Not a dumb question because I know it is hard for a lot of people to understand why we choose to live in the heat. Yes, it is AC all the time. 24/7. You go from your air conditioned house to your air conditioned car to air conditioned work or shopping. In between, you are like “damn, it’s HOT”. Luckily we have the river and the lake and activities for most people revolve around that. It is actually an incredible feeling being out on the lake when it is 115 and jumping in the water. No towel needed lol. The monsoon in July and August can make things pretty uncomfortable but then we can look forward to some intense storms.

        • inclinejj

          Do people out there have lights in the back yard to garden at night. I’ve seen that in Vegas and Phoenix. Growing up on the coast 15 minutes from San Francisco I couldn’t stand the heat. The cold you can dress for but not much you can really do, in the heat. I worked on summer in Sacramento rehabbing a 30 unit apartment building. That summer was the record for most days over 100 degrees. It was insane.

          Like Johnny Carson always used to joke about, but it’s not humid in California.

          Does your house have solar panels? Does the electric bill look like a House payment?

          • Hardcort

            I grew up along the coast just outside SF and once I had the taste of heat I could never go back. We lived in Folsom for 20 years. We closed all the windows before leaving for work and the AC came on at 4pm. Around 7 pm we opened all the windows and turned off the AC. In the summer, a breeze usually develops late in the day and cools down from 100 to the mid60’s by morning. Typicslly, maybe twice in the summer, the heat locks down for a week, maybe more and there is no real cooling off at night. You need a pool.

          • annette johnson

            I would have to say most activities are done early in the morning. In mid summer, temps can remain close to 110 even at 9 pm. Many of those that have to work outdoors (construction workers) arrive at 4 am and finish up by noon.
            Personally, I think it is all about acclimation and staying hydrated. I don’t go anywhere without a large jug of cold water in summer. Hydration is key.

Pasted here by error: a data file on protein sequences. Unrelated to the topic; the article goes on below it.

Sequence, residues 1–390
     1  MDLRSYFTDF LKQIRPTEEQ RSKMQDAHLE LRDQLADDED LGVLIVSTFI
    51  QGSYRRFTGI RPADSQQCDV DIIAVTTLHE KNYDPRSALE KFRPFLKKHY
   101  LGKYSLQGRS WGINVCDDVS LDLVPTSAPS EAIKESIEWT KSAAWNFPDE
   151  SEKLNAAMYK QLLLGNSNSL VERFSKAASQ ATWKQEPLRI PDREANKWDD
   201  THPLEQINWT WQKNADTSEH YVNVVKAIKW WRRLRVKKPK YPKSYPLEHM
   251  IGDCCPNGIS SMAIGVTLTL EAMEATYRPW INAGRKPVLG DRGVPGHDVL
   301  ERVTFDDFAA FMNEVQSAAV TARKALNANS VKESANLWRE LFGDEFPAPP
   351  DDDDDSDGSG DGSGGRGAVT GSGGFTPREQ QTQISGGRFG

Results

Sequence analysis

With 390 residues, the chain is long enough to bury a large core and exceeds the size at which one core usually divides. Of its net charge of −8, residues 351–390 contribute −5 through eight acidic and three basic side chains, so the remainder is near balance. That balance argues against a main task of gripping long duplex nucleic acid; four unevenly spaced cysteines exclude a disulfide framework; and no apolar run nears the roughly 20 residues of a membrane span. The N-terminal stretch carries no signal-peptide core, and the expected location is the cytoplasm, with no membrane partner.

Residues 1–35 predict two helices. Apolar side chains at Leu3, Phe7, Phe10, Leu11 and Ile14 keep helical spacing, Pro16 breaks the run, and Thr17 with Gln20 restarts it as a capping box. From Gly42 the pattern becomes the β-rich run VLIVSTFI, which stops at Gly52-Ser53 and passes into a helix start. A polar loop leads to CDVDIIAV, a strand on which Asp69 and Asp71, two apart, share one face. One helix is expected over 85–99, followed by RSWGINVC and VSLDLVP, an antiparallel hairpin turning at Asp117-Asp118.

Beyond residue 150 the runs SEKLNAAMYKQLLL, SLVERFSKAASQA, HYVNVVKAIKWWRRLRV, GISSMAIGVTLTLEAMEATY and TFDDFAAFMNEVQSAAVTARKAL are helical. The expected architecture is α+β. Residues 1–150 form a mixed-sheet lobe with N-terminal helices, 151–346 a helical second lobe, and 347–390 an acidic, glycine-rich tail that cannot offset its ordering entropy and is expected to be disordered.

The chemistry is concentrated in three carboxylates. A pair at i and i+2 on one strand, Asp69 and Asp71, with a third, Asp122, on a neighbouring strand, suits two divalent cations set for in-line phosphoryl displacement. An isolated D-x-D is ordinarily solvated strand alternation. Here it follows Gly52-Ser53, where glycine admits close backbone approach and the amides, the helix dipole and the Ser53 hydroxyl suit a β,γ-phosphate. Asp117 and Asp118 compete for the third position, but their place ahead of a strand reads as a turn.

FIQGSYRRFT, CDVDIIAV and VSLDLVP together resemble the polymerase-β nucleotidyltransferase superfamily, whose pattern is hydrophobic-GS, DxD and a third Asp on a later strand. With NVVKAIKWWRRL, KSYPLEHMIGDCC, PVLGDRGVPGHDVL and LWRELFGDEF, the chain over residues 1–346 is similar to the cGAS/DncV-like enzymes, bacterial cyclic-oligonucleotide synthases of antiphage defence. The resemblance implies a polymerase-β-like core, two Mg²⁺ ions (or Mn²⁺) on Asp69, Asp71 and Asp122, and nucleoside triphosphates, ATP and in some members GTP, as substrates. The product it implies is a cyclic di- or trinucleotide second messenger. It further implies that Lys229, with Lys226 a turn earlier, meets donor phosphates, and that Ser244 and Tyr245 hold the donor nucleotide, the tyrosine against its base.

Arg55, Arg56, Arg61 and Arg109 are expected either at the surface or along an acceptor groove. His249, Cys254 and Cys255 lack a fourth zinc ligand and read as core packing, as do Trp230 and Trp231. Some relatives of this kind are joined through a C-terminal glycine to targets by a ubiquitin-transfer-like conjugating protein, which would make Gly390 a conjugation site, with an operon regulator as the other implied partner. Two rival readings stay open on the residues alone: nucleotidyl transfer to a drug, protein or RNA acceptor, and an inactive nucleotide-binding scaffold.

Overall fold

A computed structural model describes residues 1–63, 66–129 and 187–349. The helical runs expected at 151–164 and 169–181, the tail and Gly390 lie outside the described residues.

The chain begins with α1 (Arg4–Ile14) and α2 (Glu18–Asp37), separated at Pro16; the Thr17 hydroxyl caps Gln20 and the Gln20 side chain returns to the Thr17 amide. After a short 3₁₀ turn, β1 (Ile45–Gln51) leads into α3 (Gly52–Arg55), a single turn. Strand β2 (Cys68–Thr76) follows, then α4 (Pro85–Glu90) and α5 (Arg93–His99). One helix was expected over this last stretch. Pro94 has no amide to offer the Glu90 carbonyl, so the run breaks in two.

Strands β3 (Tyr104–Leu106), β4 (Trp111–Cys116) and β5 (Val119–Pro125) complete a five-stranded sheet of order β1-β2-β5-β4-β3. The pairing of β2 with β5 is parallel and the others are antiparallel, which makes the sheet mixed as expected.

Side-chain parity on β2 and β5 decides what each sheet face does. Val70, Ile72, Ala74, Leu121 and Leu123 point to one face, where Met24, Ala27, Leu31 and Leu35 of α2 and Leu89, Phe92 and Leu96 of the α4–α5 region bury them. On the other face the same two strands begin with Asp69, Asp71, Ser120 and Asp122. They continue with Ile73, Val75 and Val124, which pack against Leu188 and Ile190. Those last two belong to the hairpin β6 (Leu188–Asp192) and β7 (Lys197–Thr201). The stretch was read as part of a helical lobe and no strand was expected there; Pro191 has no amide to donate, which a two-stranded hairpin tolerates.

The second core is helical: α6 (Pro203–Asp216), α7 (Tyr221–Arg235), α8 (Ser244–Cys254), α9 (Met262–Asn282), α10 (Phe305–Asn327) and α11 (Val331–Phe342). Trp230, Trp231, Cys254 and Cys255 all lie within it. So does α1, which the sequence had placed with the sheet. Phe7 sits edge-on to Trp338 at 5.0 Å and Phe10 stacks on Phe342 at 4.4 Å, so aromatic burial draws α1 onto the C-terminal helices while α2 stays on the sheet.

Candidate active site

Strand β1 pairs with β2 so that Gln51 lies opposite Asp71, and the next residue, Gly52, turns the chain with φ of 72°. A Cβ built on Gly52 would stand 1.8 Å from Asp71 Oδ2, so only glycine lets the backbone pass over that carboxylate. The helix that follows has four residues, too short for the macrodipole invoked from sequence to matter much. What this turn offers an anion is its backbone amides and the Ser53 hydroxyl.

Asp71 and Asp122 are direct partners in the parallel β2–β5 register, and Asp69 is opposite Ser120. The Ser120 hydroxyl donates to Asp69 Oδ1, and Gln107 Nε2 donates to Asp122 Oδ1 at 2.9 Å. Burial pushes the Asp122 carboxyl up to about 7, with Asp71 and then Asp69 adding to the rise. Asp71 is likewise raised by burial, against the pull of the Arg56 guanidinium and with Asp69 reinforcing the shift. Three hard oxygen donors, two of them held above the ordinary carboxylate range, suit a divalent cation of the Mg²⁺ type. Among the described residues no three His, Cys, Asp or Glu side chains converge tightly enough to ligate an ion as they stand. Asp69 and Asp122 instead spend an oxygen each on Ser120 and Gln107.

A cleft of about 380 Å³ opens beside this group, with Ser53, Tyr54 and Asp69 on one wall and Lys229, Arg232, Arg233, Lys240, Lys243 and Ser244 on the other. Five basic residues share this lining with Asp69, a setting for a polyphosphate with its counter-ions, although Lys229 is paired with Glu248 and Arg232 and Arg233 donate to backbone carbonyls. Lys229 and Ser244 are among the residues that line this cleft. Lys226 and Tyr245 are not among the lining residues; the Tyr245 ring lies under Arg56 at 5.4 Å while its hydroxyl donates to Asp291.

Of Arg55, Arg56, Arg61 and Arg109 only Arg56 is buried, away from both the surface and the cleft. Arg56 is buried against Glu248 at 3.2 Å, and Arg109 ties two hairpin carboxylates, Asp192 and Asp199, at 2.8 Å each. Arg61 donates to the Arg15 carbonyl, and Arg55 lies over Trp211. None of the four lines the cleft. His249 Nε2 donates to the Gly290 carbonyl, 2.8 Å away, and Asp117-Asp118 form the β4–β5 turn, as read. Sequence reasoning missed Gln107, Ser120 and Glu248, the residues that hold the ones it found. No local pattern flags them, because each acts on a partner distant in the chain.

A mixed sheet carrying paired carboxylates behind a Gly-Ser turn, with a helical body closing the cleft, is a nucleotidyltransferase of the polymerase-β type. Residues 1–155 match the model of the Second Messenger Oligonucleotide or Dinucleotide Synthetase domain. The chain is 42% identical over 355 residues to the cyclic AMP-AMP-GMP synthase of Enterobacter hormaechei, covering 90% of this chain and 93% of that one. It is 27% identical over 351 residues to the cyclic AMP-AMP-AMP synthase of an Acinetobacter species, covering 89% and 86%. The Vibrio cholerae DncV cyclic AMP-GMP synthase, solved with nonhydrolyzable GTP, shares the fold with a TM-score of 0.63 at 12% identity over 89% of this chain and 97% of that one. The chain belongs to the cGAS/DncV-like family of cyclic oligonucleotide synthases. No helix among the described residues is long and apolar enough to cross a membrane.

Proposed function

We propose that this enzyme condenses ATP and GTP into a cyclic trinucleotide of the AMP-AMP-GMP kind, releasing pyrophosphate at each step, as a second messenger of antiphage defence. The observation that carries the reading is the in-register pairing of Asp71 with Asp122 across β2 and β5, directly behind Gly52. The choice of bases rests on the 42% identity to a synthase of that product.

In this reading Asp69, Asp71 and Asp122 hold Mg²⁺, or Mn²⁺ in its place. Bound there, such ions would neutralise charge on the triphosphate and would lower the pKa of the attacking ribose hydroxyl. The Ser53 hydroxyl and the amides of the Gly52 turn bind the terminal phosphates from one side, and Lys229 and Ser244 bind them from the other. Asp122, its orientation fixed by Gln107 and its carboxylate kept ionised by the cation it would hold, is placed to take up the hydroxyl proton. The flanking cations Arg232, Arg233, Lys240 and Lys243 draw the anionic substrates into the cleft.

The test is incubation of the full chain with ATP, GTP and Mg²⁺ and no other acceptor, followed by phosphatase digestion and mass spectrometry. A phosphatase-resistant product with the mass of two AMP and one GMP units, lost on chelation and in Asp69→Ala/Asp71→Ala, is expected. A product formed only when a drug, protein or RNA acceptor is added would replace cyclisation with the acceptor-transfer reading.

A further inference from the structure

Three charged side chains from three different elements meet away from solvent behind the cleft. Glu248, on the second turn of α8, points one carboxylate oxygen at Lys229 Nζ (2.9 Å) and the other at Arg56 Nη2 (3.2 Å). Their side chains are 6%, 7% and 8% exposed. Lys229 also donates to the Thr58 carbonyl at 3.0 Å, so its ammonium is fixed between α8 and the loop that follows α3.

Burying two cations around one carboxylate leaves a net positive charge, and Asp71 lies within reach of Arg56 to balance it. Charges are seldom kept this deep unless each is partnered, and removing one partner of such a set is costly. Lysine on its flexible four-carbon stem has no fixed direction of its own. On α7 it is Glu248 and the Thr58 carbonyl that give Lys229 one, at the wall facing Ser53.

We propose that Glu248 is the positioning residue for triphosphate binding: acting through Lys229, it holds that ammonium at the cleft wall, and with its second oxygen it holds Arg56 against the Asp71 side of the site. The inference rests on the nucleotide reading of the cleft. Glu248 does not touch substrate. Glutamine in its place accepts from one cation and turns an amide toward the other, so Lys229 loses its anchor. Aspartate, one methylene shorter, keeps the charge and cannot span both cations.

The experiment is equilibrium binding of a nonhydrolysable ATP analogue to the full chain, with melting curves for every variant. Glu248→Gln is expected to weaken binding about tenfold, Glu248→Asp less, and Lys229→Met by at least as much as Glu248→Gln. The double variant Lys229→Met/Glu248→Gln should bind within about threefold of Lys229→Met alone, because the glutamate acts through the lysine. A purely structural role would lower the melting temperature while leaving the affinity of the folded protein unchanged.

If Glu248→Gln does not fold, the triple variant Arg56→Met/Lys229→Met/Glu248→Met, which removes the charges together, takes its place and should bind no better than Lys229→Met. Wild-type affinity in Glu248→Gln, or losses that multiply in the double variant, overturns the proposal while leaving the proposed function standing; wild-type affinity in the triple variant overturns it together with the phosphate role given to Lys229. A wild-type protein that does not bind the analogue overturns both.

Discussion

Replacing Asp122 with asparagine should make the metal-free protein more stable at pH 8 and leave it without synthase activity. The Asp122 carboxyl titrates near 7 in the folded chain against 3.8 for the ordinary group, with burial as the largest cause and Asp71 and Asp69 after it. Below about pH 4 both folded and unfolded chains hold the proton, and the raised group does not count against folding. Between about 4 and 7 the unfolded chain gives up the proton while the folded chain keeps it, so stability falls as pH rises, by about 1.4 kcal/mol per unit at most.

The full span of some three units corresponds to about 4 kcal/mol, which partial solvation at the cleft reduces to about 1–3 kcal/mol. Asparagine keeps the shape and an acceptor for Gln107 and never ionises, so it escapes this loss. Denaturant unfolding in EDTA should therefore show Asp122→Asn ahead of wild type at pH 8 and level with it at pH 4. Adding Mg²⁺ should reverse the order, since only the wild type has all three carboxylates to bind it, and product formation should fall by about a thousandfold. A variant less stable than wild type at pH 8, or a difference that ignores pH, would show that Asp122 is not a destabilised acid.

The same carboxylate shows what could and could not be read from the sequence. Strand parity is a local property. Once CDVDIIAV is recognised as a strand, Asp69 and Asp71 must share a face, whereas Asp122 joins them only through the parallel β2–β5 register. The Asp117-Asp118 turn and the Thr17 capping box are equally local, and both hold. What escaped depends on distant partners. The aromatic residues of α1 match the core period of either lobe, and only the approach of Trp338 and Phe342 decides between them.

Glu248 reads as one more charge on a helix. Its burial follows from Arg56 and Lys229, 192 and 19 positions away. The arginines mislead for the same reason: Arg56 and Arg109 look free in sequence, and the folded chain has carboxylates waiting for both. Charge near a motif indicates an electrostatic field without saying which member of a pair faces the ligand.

I personally do not have solar at my house, although it is becoming much more common. The initial investment is still pricey, although it does pay for itself within 10 years or so. Our local high school has a hundred or so “covered” parking spots that students can pay extra for. The “covers” are solar panels. I’ll attach some pics later.
            My highest electric bill last summer was probably around $300. During the day we keep the house around 78 and bump it down to 75 at night. Ceiling fans work overtime!

          • PRCountyNative

            What does it cost you for a kilowatt-hour? Payback is more like 4, maybe 5 years, savings are astronomical. So long as you don’t sign a lease.

          • annette johnson

            I should have been in the loop a little more when I made the 10 year assumption. The last person I talked to at length about solar did sign a lease. It must be getting more affordable as I am seeing many more houses with it. We pay 9.25c /KWh with the commercial rate a penny cheaper.

          • redlands

            how much does a solar cost ???? 15-20,000 ???

          • PRCountyNative

            This weather forum probably isn’t the best place to get into money details… $2 – $3 per watt net cost.

          • inclinejj

            $300 is not too bad considering you probably have the AC running a lot.

          • annette johnson

            It really isn’t but thankfully the house is only 1600 sq ft or so, and yes, the AC probably won’t be turned off until October. Then again, it’s all relative because wages are not very high here.

        • Staying on PST helps with those morning activities 🙂

          • Tuolumne

            The first time I drove into Arizona as an adult I was flummoxed because the time didn’t change despite crossing a time zone boundary. What the ???? Several years later I finally found out what the deal was.

        • redlands

          Whats the hottest its gotten there — u have your own weather station/thermometer ??? — I’ve recorded 116 at my station this June-2016 in Redlands, Ca — Southern Ca — Although our local paper — Redlands Daily Facts – who begin recording weather stats since 1920 – recorded 118 July 2006 —

  • inclinejj